Rhabdomyolysis is a serious condition characterized by breakdown of skeletal muscle. In young
athletes it is most commonly caused due to overexerting the muscles. Extreme muscle overuse
can damage the muscle tissue, breaking it down, which causes the release of a muscle protein
called myoglobin into the bloodstream. A big influx of myoglobin is toxic to the kidneys which
can block it’s filtration system leading to kidney complications. The severe muscle damage can
also cause an extremely high level of electrolytes to accumulate into the bloodstream which can
cause serious complications to vital organs including the heart.
● Trauma or crush injuries eg car accident
● Extreme muscle exertion
● Prolonged immobility
● Muscle hypoxia
● Genetic disorders
● Body-temperature changes
● Drug or alcohol abuse
● Metabolic and electrolyte disorders
Common signs and symptoms:
● Muscle pain – the most common muscle groups affected are the calves and lower back
● Muscle weakness or stiffness
● Dark coloured urine due to excessive myoglobin levels
● Flu-like symptoms
● Elevated creatine-kinase level
● Urgent medical management is recommended initially which may include treatment to
manage electrolyte imbalances and intravenous fluids to help maintain urine production
and prevent organ damage.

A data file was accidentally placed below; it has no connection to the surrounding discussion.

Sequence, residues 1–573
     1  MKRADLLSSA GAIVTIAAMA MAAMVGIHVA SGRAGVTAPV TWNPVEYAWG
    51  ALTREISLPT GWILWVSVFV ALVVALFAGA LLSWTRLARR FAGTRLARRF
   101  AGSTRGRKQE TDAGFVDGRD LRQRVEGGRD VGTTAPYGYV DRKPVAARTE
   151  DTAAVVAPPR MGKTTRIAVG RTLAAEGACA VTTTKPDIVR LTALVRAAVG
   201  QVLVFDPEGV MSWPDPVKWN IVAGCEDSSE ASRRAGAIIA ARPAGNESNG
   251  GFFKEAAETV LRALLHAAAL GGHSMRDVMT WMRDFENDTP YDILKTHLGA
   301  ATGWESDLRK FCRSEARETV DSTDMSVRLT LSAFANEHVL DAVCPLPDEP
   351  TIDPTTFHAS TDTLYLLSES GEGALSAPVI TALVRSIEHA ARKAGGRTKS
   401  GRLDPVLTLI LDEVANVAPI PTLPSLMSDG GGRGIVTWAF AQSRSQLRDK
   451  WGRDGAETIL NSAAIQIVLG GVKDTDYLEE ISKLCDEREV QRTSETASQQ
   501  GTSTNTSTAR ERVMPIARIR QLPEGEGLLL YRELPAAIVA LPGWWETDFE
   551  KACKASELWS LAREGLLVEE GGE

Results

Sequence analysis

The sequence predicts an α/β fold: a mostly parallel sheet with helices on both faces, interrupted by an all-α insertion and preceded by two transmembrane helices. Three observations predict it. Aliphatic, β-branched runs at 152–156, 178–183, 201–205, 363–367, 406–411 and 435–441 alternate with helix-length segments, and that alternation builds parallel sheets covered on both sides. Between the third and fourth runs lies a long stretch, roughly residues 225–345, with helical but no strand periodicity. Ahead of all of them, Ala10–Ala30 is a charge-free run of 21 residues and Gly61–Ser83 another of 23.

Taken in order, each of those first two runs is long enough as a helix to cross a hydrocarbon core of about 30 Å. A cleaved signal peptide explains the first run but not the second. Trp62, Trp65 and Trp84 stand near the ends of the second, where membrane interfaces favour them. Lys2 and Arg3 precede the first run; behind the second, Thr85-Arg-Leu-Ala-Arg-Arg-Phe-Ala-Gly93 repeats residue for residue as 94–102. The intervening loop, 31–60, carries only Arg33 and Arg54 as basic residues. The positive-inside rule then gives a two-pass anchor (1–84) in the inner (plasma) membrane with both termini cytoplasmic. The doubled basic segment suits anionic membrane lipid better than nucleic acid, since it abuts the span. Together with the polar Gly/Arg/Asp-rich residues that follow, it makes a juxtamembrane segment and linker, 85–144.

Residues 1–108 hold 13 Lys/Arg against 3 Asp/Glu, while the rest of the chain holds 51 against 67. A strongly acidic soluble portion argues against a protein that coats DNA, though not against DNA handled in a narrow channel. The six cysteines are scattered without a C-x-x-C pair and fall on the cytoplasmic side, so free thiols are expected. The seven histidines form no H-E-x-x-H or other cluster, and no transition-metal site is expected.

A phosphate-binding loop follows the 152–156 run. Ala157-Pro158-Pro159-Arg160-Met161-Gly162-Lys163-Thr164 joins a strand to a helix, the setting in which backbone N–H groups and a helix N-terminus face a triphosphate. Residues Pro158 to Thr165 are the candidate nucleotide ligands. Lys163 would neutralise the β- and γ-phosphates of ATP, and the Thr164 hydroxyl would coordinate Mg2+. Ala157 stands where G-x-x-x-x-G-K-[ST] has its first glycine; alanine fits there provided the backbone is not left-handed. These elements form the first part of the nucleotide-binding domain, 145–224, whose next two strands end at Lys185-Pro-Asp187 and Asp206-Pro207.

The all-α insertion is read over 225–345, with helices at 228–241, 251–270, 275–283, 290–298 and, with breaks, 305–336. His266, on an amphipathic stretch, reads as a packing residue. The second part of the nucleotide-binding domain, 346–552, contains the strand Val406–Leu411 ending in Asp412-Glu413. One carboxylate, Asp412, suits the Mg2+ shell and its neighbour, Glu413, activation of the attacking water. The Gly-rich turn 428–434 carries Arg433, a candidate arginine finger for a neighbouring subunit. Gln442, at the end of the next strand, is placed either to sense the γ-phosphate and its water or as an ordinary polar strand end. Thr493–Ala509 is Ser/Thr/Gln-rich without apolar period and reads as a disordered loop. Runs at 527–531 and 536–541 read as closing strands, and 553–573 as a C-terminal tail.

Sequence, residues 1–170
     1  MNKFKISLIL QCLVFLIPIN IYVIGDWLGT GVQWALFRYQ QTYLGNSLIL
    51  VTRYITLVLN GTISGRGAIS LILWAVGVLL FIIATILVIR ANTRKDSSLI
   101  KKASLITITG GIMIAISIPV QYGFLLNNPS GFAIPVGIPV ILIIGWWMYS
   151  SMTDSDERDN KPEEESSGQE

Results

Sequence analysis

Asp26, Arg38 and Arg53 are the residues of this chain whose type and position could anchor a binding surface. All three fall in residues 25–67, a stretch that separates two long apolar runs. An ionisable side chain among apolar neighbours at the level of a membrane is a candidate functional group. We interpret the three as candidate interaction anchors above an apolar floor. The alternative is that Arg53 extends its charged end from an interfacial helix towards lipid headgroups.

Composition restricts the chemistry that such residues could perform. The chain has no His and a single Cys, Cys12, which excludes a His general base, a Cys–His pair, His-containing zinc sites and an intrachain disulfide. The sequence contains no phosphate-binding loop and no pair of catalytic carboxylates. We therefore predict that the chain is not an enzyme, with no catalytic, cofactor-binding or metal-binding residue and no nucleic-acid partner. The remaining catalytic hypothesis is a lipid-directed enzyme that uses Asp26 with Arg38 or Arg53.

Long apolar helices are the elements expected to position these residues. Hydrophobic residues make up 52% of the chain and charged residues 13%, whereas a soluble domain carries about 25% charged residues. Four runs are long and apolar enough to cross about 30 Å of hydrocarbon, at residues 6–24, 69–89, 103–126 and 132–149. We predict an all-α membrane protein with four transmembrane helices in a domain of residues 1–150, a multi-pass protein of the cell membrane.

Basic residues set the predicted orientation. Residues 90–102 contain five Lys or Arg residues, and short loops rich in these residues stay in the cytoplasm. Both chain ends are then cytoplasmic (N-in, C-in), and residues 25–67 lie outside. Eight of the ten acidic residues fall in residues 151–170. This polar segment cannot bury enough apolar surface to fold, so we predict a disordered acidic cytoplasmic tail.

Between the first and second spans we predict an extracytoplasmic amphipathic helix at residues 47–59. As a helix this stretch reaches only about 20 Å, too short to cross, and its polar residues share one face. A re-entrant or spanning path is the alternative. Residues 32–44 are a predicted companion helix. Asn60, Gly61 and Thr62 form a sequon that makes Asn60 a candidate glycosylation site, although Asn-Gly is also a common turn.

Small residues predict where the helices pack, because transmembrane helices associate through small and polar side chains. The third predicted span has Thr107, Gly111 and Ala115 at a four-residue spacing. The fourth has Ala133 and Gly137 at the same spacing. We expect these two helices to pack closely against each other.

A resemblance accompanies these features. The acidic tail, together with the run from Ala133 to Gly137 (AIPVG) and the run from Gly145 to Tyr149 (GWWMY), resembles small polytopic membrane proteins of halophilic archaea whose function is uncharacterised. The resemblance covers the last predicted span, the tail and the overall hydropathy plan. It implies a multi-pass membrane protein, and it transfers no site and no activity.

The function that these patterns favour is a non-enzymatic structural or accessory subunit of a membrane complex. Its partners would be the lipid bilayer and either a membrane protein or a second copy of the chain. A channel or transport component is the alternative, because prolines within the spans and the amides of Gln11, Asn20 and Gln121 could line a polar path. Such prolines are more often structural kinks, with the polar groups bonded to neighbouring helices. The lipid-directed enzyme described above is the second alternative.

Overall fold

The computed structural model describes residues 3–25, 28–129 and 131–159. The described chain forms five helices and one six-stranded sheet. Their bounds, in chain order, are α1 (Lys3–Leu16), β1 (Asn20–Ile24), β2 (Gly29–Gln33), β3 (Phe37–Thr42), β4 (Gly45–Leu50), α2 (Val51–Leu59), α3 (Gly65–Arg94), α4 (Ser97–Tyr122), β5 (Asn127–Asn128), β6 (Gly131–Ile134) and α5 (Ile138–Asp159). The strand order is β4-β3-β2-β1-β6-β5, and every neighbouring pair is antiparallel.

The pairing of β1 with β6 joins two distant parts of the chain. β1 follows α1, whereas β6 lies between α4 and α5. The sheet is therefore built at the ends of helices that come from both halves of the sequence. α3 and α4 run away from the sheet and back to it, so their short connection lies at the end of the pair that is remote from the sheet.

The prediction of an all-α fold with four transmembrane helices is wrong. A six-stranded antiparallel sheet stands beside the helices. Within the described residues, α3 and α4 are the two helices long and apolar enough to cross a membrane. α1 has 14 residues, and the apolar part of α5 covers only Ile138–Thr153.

● It is important to adequately hydrate, retain range of motion and avoid overexertion to
prevent creating more muscle breakdown.
● Physiotherapy management will often include rehabilitation to regain range of motion,
muscle strength, and full function to assist in progressing back to physical activity.
Matilda is a qualified Exercise Physiologist, who is passionate about improving people’s lives through movement and physical activity. Graduating from QUT in 2018, Matilda initially plied her trade in Brisbane before joining the Mackay team in Sep 2021.
Matilda’s love for human movement came from 15 years as a Gymnast where she competed at a national level on a twice. Nowadays Matilda stays active by playing team sports or exploring the beautiful local Queensland mountains and beaches.
Believing that everyone should be able to enjoy the benefits of physical activity no matter their age, gender, or condition, Matilda works with all her patients to tailor an exercise program specific to their goals. Matilda is also currently studying Neurological rehabilitation at ECU and has a particular interest in Clinical Pilates, Hydrotherapy, Mental health, Women’s health, and Chronic disease management.
Exercise Physiologist Matilda Wayte
What is it
An injury involving a stretch or tear of the scapholunate ligament which can affect the way the
scaphoid and lunate bones interact.
Often occurs when a person experiences a fall onto an outstretched hand where the wrist is